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Building blocks 

Editorial by Kyle Shaw

One night last week, a construction site on Hollis Street became beautiful. It was after nine o’clock, when the only visible activity came from a welder doing some sort of repair to a backhoe’s scoop. The beautiful part was the white-blue light coming off the welding torch. It cast the welder’s shadow six storeys tall on the nearby apartment buiding. The giant shadow had a comforting presence, like a higher authority approving of the work going on below. But from that height, maybe the shadow understood too much. By morning it had fled the scene, leaving daylight to reveal the waste of a missed opportunity.

Main streets all over the city have been—or will be—ripped up in the name of Harbour Solutions. That’s the sewage treatment plan upgrading Halifax from 1800s technology (pour all the shit into the harbour) to technology that was cutting edge well into the 1900s (pipe the shit to concrete factories, pound the chunks out, zap it with germ-killing radiation and pour it in the harbour).

Harbour Solutions digs up a road to lay the new sewer pipes, then rebuilds the road to get it back to normal before moving on. It’s a very expensive way to improve underground infrastructure. But with so much construction happening, the project could very cheaply improve above-ground infrastructure at the same time. Repaving streets to include bike lanes, for example, is easy once the road’s been excavated. Too bad city hall isn’t ready to think ahead.

The idea of piggybacking bike lanes on other construction is hardly new. The regional municipality’s bike plan, Blueprint for a Bicycle-Friendly HRM, recommended any development plans should be “reviewed in their early stages” by the person hired as Bicycle/Pedestrian Coordinator. “The Coordinator should also be aware of all work to repair, replace and install water mains, sewers, pipelines, electrical corridors and other easements,” the plan continued. “If these projects are reviewed in their early stages (prior to the budgeting process) then any extra funds or design modifications required to simultaneously include provisions for bicycling could be identified, ensuring the most cost effective provision of bicycle facilities.”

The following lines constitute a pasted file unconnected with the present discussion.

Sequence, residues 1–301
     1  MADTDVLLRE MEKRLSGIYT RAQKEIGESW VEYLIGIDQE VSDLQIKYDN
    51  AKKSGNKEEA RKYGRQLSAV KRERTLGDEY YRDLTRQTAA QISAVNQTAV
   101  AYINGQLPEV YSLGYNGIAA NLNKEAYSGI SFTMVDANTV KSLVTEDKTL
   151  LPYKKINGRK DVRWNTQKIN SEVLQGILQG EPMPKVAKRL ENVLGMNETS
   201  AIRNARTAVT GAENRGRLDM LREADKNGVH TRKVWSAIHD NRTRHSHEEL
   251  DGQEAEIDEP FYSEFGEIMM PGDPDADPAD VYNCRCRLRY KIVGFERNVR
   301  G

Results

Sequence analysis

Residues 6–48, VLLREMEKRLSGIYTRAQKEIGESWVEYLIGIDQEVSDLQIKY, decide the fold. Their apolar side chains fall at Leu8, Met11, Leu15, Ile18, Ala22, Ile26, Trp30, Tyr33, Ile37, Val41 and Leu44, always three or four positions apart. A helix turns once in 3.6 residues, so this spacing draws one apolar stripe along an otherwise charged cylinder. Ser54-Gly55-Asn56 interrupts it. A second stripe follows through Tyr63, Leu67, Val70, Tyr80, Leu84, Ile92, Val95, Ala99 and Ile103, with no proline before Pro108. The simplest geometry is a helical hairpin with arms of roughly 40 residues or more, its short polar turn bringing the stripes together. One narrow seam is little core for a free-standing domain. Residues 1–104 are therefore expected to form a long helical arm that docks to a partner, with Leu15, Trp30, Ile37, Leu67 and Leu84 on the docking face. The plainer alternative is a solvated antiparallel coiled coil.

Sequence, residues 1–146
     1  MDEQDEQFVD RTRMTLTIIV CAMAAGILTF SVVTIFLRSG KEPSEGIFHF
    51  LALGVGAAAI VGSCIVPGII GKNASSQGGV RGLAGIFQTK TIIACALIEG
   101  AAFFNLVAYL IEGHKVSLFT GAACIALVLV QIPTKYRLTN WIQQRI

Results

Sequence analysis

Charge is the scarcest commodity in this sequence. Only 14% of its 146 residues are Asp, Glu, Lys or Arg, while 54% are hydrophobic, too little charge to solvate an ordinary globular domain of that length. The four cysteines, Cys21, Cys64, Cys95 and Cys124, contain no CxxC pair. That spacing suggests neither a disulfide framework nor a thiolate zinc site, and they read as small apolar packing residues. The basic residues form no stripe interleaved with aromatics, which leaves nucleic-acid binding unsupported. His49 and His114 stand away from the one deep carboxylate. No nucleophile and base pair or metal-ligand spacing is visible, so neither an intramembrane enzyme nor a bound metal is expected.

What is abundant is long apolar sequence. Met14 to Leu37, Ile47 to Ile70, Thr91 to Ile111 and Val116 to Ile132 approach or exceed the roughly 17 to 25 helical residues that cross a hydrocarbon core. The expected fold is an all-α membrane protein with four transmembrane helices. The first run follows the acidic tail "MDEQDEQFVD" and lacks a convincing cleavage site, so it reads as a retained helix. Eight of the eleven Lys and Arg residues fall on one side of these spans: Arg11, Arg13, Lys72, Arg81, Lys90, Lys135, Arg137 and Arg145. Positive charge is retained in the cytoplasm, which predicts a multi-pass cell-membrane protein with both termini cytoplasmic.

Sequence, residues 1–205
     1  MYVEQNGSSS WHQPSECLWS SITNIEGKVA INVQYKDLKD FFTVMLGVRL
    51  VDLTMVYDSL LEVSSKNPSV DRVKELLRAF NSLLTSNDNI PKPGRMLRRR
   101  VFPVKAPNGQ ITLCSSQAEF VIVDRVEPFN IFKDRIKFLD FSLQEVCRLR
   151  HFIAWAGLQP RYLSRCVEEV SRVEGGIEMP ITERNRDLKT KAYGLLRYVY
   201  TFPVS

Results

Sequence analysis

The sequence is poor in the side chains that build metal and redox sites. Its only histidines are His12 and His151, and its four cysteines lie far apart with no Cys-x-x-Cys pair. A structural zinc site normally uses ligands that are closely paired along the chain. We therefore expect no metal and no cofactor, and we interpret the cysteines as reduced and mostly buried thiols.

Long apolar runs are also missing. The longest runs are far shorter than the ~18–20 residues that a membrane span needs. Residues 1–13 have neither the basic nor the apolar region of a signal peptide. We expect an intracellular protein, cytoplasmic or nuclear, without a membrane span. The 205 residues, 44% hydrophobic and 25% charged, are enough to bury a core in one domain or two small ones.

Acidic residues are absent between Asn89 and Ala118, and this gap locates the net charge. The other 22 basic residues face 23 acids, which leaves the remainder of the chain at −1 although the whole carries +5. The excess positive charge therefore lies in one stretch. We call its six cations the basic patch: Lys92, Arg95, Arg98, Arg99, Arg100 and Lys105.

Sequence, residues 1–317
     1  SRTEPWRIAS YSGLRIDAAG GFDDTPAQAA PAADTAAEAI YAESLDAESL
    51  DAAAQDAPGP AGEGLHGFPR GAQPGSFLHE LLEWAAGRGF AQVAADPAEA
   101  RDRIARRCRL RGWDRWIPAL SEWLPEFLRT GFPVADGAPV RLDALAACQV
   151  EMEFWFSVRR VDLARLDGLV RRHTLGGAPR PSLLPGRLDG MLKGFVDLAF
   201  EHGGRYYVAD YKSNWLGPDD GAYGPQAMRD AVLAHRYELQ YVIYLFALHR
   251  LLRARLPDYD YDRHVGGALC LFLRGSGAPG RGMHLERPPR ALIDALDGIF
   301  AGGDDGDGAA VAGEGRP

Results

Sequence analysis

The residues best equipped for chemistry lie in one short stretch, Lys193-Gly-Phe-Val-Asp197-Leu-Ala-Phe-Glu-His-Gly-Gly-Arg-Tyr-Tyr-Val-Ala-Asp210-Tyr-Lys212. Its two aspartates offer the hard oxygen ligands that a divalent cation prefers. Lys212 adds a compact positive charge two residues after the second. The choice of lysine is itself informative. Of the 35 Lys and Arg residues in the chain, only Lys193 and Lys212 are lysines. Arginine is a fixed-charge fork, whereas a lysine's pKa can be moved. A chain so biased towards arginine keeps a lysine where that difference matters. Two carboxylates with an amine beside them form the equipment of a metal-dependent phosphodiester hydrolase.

Drawing attention to the many, many bike studies that came before—including Planning for the Bicycle in Halifax from 1992, A Bicycle Plan for the City of Halifax in 1997, the 1999 Active Transportation: Streets for Cycling report—and calling itself Blueprint, the plan held the promise of making something actually happen. City council adopted the plan in December 2002, when the Macdonald Bridge and Brunswick Street had the only bike lanes in the entire Prince Edward Island-sized municipality. (And then just a few blocks of Brunswick.)

Three years later, the bike lane “network” has grown into a slightly bigger collection of odds and ends: a stretch of the Bedford Highway, part of the Eastern Passage Road and a bit of Main Street in Dartmouth (only one way). Ken Reashor, the city’s manager of traffic and right of way services, is considering removal of the Brunswick Street lanes. There is no Bicycle/Pedestrian Coordinator—although this week was the application deadline for the roughly equivalent job, so the position should be filled soon. And the ambitious bike Blueprint has become background material for the latest study, the Active Transportation Plan, due in early 2006.

Ken Reashor says the Active Transportation Plan is a comprehensive look at self-propelled transit, so as a guide for the city to put into action it should be more a blueprint than the Blueprint. But what he’s really excited about is the so-called Red Book, the standards for all construction in HRM. The latest edition of the Red Book, which came out in September, is the first to require bike lanes on main roads of any new development. “We’re not quite as advanced in bicycle planning as other cities have been,” says Reashor, who came to Halifax in 2003, after Harbour Solutions planning was well underway. However, “we should be seeing a lot more in the future.”

Do you believe the city will ever embrace the bicycle? Spin theories to me at: editor@thecoast.ca.

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